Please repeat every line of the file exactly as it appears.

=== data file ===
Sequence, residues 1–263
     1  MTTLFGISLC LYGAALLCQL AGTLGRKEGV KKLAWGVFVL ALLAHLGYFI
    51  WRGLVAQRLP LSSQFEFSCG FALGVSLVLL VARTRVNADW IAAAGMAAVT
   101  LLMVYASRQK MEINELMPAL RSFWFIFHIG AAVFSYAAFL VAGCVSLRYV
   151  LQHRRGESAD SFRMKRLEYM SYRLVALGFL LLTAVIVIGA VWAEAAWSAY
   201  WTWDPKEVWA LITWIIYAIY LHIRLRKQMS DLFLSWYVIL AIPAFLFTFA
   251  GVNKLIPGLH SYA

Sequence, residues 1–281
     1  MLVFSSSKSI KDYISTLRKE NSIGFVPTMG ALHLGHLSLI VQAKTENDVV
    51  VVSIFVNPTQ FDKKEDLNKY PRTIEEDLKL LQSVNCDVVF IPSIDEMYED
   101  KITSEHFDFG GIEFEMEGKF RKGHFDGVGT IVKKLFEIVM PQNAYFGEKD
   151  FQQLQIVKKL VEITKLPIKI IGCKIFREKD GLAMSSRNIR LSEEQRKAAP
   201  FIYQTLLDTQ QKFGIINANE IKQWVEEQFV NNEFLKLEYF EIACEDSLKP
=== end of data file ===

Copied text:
Sequence, residues 1–263
     1  MTTLFGISLC LYGAALLCQL AGTLGRKEGV KKLAWGVFVL ALLAHLGYFI
    51  WRGLVAQRLP LSSQFEFSCG FALGVSLVLL VARTRVNADW IAAAGMAAVT
   101  LLMVYASRQK MEINELMPAL RSFWFIFHIG AAVFSYAAFL VAGCVSLRYV
   151  LQHRRGESAD SFRMKRLEYM SYRLVALGFL LLTAVIVIGA VWAEAAWSAY
   201  WTWDPKEVWA LITWIIYAIY LHIRLRKQMS DLFLSWYVIL AIPAFLFTFA
   251  GVNKLIPGLH SYA

Sequence, residues 1–281
     1  MLVFSSSKSI KDYISTLRKE NSIGFVPTMG ALHLGHLSLI VQAKTENDVV
    51  VVSIFVNPTQ FDKKEDLNKY PRTIEEDLKL LQSVNCDVVF IPSIDEMYED
   101  KITSEHFDFG GIEFEMEGKF RKGHFDGVGT IVKKLFEIVM PQNAYFGEKD
   151  FQQLQIVKKL VEITKLPIKI IGCKIFREKD GLAMSSRNIR LSEEQRKAAP
   201  FIYQTLLDTQ QKFGIINANE IKQWVEEQFV NNEFLKLEYF EIACEDSLKP